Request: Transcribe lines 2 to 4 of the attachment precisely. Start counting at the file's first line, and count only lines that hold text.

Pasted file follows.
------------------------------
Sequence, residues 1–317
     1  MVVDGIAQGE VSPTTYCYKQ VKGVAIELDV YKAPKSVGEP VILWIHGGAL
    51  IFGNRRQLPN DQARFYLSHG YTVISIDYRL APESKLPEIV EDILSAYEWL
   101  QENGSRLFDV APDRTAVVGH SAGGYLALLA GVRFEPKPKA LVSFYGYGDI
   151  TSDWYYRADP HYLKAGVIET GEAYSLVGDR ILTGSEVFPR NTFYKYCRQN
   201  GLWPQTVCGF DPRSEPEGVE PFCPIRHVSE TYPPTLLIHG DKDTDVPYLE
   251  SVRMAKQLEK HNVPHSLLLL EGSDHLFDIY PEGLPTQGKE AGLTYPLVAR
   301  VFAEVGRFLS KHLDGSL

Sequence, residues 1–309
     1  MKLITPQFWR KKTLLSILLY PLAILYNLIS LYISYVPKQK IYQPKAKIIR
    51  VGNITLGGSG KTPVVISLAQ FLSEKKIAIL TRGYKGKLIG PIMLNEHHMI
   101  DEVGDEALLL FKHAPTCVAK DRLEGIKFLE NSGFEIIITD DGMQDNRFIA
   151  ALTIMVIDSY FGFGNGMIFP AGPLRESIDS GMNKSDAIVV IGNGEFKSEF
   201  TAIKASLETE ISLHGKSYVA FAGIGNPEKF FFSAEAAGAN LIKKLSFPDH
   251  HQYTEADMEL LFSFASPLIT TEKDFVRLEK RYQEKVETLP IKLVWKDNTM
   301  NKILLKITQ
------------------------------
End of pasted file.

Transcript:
     1  MVVDGIAQGE VSPTTYCYKQ VKGVAIELDV YKAPKSVGEP VILWIHGGAL
    51  IFGNRRQLPN DQARFYLSHG YTVISIDYRL APESKLPEIV EDILSAYEWL
   101  QENGSRLFDV APDRTAVVGH SAGGYLALLA GVRFEPKPKA LVSFYGYGDI